Historia Augusta, 5. Lucius Verus

LCL 139: 206-207

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Verus

Verus

Iulii Capitolini

I. Scio plerosque ita vitam Marci ac Veri litteris atque historiae dedicasse ut priorem Verum intimandum legentibus darent, non imperandi secutos1 ordinem 2sed vivendi; ego vero, quod prior Marcus imperare coepit, dein Verus, qui superstite periit Marco, priorem Marcum dehinc Verum credidi celebrandum.

Igitur Lucius Ceionius Aelius2 Commodus Verus Antoninus, qui ex Hadriani voluntate Aelius appellatus est, ex Antonini coniunctione Verus et Antoninus, neque inter bonos neque inter malos principes ponitur. 4quem constat non inhorruisse vitiis, non abundasse virtutibus, vixisse deinde non in suo libero principatu sed sub Marco in simili ac paris3 maiestatis imperio, a cuius secta lascivia morum et vitae licentioris nimietate

  • 1secutusP1; secuti sunt P corr.
  • 2caelius P.
  • 3pari P.
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Verus i

Verus

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Julius Capitolinus

I. Most men, I well know, who have enshrined in literature and history the lives of Marcus and Verus, have made Verus known to their readers first, following the order, not of their reigns, but of their lives. I, however, have thought, since Marcus began to rule first and Verus only afterwards1 and Verus died while Marcus still lived on, that Marcus’ life should be related first, and then that of Verus.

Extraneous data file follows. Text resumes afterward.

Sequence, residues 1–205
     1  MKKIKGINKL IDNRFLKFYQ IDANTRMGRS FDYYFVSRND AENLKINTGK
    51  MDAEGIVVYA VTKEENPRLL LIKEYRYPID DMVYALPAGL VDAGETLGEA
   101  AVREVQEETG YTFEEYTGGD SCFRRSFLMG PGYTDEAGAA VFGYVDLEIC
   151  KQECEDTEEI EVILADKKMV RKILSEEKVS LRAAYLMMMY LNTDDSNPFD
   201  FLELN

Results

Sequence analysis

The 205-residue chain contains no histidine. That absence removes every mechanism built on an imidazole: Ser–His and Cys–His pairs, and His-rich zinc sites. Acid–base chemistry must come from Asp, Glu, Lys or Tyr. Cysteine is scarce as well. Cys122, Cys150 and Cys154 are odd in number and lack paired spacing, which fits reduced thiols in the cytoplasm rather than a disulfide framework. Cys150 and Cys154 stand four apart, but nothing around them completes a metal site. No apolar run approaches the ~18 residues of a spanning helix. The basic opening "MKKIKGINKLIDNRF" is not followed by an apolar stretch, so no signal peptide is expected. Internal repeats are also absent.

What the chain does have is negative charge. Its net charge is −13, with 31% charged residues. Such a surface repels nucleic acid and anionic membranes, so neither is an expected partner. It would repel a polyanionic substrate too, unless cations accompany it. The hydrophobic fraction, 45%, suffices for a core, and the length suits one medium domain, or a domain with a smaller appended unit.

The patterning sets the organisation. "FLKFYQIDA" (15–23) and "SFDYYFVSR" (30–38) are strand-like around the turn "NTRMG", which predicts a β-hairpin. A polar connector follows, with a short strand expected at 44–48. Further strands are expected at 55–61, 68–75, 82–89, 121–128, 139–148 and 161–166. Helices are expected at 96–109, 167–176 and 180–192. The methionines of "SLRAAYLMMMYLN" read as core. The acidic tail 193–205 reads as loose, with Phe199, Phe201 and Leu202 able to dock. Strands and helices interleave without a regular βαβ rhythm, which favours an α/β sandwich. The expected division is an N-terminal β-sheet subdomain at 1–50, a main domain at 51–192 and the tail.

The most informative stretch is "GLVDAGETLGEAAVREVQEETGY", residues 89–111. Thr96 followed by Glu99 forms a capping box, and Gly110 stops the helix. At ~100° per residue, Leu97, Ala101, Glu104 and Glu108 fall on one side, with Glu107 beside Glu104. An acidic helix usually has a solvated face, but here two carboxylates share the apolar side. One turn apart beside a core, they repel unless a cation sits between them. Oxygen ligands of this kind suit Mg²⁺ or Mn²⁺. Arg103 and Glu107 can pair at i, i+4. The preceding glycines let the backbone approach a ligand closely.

Now, Lucius Ceionius Aelius Commodus Verus Antoninus2 —called Aelius by the wish of Hadrian,3 Verus and Antoninus because of his relationship to Antoninus4 —is not to be classed with either the good or the bad emperors. For, in the first place, it is agreed that if he did not bristle with vices, no more did he abound in virtues; and, in the second place, he enjoyed, not unrestricted power, but a sovereignty on like terms and equal dignity with Marcus, from whom he differed, however, as far as morals went, both in the laxity of his principles and

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DOI: 10.4159/DLCL.historia_augusta_lucius_verus.1921